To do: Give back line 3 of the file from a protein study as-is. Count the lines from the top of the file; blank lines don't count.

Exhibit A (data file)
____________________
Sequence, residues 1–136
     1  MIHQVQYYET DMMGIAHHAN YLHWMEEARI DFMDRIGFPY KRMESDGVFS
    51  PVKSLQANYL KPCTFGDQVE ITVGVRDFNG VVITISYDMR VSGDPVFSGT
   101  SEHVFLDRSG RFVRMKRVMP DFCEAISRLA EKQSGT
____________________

    51  PVKSLQANYL KPCTFGDQVE ITVGVRDFNG VVITISYDMR VSGDPVFSGT